If plum curculio has been a problem, late winter is the time to control them. Plum curculio causes "the worm" in the fruit of plums, peaches, and sometimes apples. At Petal-Fall (5 days after bloom), and again at Shuck Split (14 days after bloom), spray an organic insecticide. Petal-Fall is when 75% of the flower petals have fallen. Shuck split happens after the fruit has just barely formed and has just expanded enough to split its papery covering (the "shuck"). Repeat in 10 - 14 days for a total of 3 sprays. Spray Kaolin Clay or Spinosad. In addition, place sheets under tree and in early morning and jar the tree with a padded mallet to cause curculios to drop to ground. Avoid harming young trees with this method.
Throughout the growing season, spray leaves once or twice a month with Lady Bug John's Recipe or Maxicrop Seaweed. In addition, spray our Aerobically-brewed Compost Tea regularly for overall health, disease prevention, and disease control. For further disease control use Actinovate on leaves and soil.

Consider purchasing a live Christmas tree for the holidays. Afghan (Eldarica), Aleppo, and Italian Stone pines can often be found this time of year. A trick for watering these trees indoors is to place ice cubes on top of the soil, making sure there is a sturdy saucer underneath the pot. Avoid keeping these trees indoors for any longer than two weeks. To allow the tree to adjust to the abrupt change in lighting when moving outside, place the tree in shade first for about a week, then move gradually to more and more sun. Finally, plant your tree outside in a sunny area with very good drainage. Pamper it when planting by using bone meal or rock phosphate in the hole, and by following the regular watering with some seaweed solution for the first few months.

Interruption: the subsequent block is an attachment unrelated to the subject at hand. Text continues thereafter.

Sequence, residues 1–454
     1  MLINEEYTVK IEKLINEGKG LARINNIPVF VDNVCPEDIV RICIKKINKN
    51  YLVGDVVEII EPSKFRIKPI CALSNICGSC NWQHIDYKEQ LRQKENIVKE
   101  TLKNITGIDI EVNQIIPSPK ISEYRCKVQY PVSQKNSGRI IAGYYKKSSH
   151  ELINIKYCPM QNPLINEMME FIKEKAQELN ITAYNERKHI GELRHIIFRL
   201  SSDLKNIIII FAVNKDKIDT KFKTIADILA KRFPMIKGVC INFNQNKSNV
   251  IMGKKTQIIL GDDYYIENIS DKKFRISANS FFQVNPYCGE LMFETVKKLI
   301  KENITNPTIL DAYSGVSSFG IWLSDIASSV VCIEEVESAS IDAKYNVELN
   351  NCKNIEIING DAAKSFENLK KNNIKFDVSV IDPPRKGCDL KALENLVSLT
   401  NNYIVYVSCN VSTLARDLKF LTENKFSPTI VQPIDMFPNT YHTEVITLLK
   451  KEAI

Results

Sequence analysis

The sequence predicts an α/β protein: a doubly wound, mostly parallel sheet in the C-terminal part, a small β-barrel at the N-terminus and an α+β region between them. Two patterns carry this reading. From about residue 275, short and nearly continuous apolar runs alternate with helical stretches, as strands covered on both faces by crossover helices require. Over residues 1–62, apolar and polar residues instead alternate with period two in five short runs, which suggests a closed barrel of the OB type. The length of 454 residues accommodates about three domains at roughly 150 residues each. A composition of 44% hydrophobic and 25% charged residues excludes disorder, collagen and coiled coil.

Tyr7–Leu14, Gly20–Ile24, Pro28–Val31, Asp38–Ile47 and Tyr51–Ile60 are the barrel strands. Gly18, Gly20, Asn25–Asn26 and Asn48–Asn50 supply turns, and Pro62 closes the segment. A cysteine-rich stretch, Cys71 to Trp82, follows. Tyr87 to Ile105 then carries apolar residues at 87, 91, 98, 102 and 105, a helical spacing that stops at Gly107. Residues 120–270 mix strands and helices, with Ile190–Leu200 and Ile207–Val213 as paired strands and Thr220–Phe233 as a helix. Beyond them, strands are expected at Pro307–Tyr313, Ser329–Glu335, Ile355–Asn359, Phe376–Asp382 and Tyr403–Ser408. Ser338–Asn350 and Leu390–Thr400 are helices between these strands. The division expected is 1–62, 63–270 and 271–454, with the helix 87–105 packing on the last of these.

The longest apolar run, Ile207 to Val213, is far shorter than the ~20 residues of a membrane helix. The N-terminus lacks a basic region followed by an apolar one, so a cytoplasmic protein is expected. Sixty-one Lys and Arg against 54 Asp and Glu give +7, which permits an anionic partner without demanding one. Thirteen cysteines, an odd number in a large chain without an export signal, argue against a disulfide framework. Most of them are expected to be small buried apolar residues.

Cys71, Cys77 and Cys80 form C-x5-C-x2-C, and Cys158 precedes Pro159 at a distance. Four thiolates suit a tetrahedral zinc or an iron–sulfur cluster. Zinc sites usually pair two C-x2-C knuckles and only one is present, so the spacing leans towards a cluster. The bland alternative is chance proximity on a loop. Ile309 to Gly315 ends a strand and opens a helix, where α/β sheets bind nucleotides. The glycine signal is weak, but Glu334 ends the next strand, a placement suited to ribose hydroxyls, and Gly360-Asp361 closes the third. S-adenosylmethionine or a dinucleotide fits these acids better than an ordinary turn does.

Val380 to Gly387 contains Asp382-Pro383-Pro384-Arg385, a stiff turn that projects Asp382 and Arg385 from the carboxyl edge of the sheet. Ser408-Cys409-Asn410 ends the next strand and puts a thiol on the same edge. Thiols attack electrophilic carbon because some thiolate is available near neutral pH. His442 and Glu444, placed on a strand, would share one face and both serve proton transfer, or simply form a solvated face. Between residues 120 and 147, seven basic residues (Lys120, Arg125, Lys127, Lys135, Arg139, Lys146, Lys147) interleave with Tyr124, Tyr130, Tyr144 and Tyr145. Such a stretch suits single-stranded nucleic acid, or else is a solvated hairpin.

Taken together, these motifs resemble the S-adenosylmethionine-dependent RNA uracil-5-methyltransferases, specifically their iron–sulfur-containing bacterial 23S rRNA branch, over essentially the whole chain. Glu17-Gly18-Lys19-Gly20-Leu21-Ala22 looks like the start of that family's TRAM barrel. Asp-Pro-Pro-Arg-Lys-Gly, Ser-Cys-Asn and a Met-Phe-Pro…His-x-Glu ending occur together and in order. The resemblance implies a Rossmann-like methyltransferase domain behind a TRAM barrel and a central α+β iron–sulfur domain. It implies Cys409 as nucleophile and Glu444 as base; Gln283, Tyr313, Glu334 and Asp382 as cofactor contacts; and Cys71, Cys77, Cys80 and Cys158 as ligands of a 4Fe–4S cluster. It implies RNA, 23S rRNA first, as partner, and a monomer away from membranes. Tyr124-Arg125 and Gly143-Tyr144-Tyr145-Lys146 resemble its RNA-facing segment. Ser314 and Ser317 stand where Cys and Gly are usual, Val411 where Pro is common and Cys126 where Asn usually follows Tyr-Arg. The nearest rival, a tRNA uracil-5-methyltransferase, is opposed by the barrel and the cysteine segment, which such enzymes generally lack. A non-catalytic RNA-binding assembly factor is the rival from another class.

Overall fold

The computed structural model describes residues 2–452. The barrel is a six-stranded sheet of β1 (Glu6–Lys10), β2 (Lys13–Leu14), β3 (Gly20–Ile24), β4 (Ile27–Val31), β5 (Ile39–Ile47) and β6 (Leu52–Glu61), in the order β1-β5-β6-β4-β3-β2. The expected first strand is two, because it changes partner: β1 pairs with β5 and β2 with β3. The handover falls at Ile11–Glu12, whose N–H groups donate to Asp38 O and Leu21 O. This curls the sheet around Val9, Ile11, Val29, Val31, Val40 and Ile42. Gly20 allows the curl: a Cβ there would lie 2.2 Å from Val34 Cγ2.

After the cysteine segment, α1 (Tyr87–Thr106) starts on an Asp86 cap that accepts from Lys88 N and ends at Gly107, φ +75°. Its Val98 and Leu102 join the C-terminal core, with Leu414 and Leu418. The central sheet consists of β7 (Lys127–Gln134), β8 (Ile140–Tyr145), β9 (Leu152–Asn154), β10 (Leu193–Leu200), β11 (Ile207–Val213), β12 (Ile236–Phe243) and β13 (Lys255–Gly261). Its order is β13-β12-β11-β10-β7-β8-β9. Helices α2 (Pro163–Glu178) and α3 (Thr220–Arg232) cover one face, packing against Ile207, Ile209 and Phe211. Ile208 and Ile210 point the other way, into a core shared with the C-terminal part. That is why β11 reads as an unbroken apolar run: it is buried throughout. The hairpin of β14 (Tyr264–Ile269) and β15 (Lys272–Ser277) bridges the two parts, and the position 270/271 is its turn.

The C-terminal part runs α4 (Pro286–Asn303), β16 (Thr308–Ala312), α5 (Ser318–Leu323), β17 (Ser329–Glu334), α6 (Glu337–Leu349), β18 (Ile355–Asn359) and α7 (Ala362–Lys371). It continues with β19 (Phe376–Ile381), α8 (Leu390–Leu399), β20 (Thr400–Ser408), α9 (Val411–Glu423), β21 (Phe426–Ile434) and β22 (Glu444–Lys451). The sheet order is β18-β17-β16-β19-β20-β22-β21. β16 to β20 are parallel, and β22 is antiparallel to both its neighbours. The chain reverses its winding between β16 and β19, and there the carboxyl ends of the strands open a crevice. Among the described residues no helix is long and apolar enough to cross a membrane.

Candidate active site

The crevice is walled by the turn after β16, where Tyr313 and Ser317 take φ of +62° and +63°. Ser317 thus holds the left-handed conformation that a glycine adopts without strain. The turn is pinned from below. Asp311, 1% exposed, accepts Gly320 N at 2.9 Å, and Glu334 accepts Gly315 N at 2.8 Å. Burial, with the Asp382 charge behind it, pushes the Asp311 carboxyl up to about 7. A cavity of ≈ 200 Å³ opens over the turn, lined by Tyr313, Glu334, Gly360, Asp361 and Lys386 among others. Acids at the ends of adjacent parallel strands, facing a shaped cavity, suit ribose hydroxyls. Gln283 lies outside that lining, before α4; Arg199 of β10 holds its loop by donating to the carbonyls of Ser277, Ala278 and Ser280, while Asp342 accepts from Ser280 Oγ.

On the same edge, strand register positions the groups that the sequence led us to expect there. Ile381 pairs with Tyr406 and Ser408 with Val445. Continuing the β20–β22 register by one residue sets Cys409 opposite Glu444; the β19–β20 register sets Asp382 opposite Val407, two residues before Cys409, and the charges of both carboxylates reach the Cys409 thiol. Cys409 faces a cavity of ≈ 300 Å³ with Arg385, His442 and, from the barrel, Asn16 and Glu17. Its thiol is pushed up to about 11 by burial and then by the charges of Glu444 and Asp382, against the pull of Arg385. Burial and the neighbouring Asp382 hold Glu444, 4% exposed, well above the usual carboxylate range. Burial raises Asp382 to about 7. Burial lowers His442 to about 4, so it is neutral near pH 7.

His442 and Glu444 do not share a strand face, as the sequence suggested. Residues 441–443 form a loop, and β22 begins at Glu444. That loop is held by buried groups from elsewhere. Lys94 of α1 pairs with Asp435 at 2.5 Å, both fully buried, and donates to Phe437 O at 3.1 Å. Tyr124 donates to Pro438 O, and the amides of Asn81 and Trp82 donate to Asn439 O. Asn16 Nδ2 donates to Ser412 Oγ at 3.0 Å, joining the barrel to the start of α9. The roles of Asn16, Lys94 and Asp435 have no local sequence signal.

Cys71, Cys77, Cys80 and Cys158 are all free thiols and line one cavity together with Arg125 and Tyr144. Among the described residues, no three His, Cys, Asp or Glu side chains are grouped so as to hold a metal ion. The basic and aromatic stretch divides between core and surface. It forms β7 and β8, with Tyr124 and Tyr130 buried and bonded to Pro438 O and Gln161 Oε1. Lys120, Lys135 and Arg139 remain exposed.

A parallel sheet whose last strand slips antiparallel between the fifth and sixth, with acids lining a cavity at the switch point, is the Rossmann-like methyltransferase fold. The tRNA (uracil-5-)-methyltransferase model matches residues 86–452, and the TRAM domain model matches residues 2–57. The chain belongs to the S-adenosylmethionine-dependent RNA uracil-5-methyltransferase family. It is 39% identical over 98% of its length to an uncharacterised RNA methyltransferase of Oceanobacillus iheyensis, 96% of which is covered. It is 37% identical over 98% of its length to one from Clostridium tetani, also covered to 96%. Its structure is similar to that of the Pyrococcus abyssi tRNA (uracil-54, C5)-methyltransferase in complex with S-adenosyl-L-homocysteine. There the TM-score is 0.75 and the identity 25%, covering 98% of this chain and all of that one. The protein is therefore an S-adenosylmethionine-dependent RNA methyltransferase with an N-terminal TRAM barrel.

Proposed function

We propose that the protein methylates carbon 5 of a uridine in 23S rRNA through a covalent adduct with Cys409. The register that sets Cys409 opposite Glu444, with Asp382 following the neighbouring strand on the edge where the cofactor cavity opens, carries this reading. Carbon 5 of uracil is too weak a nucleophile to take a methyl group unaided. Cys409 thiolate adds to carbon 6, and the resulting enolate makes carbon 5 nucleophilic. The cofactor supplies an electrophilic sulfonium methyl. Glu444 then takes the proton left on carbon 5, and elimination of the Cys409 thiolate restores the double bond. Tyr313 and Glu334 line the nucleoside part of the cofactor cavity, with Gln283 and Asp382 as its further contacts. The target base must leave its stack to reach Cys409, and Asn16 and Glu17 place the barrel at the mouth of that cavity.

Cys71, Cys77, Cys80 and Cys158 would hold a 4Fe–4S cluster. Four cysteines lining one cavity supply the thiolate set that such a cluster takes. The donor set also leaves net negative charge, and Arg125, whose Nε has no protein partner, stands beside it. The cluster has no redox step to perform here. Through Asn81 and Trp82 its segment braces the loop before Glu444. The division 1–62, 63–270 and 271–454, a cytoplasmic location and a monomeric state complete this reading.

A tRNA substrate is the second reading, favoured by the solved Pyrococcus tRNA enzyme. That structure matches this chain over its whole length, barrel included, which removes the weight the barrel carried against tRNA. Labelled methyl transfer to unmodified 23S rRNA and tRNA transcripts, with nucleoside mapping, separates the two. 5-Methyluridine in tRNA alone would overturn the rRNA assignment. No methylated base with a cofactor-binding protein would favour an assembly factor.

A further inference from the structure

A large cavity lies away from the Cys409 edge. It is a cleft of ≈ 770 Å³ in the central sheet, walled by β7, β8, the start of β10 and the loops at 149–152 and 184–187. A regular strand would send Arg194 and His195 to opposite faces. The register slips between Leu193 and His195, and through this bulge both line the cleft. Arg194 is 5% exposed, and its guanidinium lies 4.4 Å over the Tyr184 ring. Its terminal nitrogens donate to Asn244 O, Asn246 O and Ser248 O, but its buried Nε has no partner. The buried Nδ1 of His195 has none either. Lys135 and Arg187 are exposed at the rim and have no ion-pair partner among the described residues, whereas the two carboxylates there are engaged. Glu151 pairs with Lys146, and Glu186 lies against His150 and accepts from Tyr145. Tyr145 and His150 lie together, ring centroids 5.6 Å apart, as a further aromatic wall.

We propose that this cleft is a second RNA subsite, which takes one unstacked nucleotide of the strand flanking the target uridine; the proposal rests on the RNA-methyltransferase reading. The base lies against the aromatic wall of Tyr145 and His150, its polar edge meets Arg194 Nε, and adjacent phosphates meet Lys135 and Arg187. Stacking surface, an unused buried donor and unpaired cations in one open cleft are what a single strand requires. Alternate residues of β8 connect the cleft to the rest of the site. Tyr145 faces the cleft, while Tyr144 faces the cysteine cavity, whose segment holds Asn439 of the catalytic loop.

Choose and prepare areas for planting fruit trees in January. Many fruit trees, berries, and grapes become available in bare root form in January. Most fruit trees require a partner to pollinate. Therefore, choose a full sun area with plenty of space for two trees, for each type of fruit you wish to plant. Most fruiting plants prefer a well-drained, fertile, slightly acidic soil to a depth of 24 inches. If there are drainage problems or shallow soil, construct a raised bed with good garden soil. Work in some of the garden soil to the existing soil as much as possible before adding the rest on top. If you already have a deep soil, work in to the top six to twelve inches some high quality manure compost. Include soil sulfur and some cedar flakes to help lower the pH. Other amendments which can be dug in at the same time are Volcanite or greensand and a light application of organic fertilizer such as Rabbit Hill Farm's "Buds and Blooms."

Clean and oil gardening tools and equipment. Sharpen and repair, as necessary.

Recycle old phone books, and the Christmas tree. Towards the end of December or the first of January, look for the dumpsters dedicated to phone book recycling in the parking lots of major grocery stores. After the holidays, turn your Christmas tree into free mulch! If you live in an Austin area with "Pay-As-You-Throw/Curbside Christmas Tree Recycling" service, you can leave your tree on the curb for the three weeks after Christmas for curbside service. If you don't have this service, take your Christmas tree to Zilker Park. The Christmas Tree Recycling dates are Saturday December 28, Sunday December 29, Saturday January 4, and Sunday January 5 in Zilker Park next to the Polo Picnic area. For more information, go to the city's website www.ci.austin.tx.us/parks/christmastree.htm, call 494-9400 or 440-5163, or email This email address is being protected from spam bots, you need JavaScript enabled to view it According to the website, there are other recycling sites in outlying areas, but no dates are indicated. Call or email the city for more information. The free mulch will be given away free to the general public at a later date. The city website says, "Watch the media for more information." Last year over 3,000 trees were recycled and turned into mulch!